Suddenly, the Sabres don't feel so safe and secure in their own home anymore.
The five-game losing streak is rattling around in the attic. To make matters worse, Mario Lemieux is making his way toward the Auditorium, like some brazen daytime house burglar.
The Pittsburgh Penguins are in town for a 2 p.m. game today (cable TV, Radio 930), and the Sabres are faced with a single, unenviable task: To stop the red-hot Lemieux from turning Super Bowl Sunday into Super Mario Sunday. And you thought the Broncos had their work cut out for them.
Lemieux has been virtually unstoppable over the past three months. With his two assists in Saturday's 9-3 loss to the Islanders, he increased his consecutive point-scoring streak to 38 games, the third-longest such streak in NHL history. A point today would tie him with Wayne Gretzky for the second-longest streak at 39 games (Gretzky also holds the record -- 51).
The Sabres, who haven't won at home in more than a month, would like nothing better than to see both streaks put to a halt in Lemieux's only Buffalo appearance of the season.
"That would be nice," said rookie winger Dave Snuggerud, who helped hold Lemieux without a point in Buffalo's 4-2 win in Pittsburgh early in the season. "Of course, you think about the string he's on. It would be nice to break it. But it's tough to keep a player like that off the board. You just try to limit his chances. I'm new to the league, and only had to cover him one time. You have to give him his space, and yet you've also got to be on top of him."
"But the most important thing," said Jeff Parker, another of the Sabres' top checkers, "is to get the victory. Mario is an offensive player and can win games for Pittsburgh, but whether his streak ends or not, the bottom line is whether we get a win."
A loss today would be the Sabres' record sixth straight at home. Obviously, that's the streak that concerns them most. They don't care if Lemieux scores five points today, as long as they get their house back in order with a win.
Still, they can't help but be a little worried about the Penguins. Lemieux is on the top of his game. Pittsburgh, under new coach/general manager Craig Patrick, is 8-4-1 in its last 13 games and making a move in the muddled Patrick Division.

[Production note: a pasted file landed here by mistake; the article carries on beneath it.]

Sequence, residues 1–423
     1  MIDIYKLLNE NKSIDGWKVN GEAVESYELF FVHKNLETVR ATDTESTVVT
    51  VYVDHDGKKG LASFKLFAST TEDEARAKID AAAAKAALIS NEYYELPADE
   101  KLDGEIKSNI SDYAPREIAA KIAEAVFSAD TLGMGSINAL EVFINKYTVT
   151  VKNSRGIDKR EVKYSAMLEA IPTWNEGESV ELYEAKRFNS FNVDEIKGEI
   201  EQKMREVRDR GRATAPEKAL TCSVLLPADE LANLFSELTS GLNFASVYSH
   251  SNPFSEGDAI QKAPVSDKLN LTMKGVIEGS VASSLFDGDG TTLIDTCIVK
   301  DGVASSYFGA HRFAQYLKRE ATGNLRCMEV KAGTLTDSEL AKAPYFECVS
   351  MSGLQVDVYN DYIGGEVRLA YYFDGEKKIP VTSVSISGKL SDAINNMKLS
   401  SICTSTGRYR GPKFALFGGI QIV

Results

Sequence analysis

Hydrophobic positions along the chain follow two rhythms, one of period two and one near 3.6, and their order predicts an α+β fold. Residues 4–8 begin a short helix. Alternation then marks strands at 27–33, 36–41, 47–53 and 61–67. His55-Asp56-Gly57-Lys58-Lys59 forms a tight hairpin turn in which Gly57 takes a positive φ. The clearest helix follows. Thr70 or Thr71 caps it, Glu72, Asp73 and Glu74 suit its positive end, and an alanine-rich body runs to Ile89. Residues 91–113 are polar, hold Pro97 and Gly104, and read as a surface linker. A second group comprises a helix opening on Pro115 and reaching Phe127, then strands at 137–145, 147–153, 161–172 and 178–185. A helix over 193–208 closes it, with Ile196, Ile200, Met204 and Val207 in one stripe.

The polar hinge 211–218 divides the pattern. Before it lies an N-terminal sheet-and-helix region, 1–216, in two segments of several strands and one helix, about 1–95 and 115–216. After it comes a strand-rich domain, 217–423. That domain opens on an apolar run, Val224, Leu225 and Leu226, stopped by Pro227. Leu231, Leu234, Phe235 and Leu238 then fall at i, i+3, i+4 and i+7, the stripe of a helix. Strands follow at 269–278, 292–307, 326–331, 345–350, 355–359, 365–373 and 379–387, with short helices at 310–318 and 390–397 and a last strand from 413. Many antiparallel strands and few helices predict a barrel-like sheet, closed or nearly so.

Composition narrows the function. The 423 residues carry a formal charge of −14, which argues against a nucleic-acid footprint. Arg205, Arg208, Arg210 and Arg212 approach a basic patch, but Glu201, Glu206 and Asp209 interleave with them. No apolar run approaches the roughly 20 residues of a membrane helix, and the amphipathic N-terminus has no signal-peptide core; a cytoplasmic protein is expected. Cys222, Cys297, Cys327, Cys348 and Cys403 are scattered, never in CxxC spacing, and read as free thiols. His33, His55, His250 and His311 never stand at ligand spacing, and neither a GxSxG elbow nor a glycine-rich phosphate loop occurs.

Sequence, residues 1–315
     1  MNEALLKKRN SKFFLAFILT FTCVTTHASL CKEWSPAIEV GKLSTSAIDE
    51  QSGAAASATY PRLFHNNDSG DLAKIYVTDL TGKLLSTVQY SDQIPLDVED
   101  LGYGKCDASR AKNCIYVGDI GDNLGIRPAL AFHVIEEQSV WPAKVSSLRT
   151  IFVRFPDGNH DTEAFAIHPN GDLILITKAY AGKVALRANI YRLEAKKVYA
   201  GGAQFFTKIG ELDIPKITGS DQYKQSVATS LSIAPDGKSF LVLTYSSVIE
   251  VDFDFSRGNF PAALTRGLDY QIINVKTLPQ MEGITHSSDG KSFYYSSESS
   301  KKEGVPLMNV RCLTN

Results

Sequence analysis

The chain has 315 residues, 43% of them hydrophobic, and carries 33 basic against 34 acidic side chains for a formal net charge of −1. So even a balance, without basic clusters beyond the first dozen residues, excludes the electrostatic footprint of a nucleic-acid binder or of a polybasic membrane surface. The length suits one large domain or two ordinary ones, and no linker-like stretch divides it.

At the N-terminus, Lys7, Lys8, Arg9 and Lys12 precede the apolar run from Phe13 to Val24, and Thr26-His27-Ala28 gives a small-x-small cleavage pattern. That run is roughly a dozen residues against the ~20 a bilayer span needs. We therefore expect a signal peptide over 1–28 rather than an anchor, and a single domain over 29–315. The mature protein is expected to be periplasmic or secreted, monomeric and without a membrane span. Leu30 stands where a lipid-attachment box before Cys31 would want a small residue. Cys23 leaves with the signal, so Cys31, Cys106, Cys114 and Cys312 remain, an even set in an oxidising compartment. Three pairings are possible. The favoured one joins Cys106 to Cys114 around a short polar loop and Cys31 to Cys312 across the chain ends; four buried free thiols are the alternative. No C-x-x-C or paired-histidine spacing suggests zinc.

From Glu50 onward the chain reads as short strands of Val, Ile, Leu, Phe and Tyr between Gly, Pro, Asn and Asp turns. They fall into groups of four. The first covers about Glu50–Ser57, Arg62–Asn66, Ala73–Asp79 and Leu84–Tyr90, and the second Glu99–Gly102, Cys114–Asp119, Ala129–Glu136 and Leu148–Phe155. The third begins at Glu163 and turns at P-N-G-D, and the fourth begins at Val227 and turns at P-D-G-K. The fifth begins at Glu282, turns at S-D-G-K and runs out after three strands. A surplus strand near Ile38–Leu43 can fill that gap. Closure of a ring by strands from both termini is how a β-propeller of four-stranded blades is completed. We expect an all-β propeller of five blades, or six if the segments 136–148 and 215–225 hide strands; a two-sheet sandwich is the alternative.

"It's scary to think (Lemieux) has got a little bit of confidence now," said Buffalo's Kevin Maguire. "It looks like he wants to be the scoring champion again. We've got the play him the way we did at the beginning of the year, make sure we're on him all the time when he gets the puck, give him a bump. I think he got more frustrated than anything (in the October loss), because he's not used to playing against guys who hit him all the time."
Lemieux, of course, is not the easiest player to hit. He tends to drift through the action for long stretches when he's on the ice. Then, just when he seems to have disappeared, he gathers in the puck with his long reach and swoops in on the goaltender.
"You can't let him get lost on the ice," said defenseman Uwe Krupp. "That's what makes him so good. He kind of cruises, then all of a sudden he's right there making a good play. He's not somebody who likes to dig the puck out of the corners. He's similar to (Wayne) Gretzky in that he's most dangerous coming through the neutral zone on a three-on-two or a two-on-one. It seems he's always scoring at the end of a shift."
It has been exactly three months since Lemieux was held pointless in Montreal on Oct. 28. And with his two points Saturday, he regained the overall scoring lead from Gretzky, 99-98. He is slightly behind his pace of a year ago, when he led the league with 199 points, but if he keeps it up, he still might have a shot at 200 points.
So how do the Sabres stop him? The consensus seems to be that they have to bump him early and often, to deny him his customary spaces on the ice. Snuggerud said maybe it would be a better idea to lay off Lemieux early, to give him a false sense of security.
"You have to respect a superstar like that," Snuggerud said. "Maybe if you give him the respect, he'll start to relax. But I guess there's no real key, because if there was, then a lot more people would be shutting him down."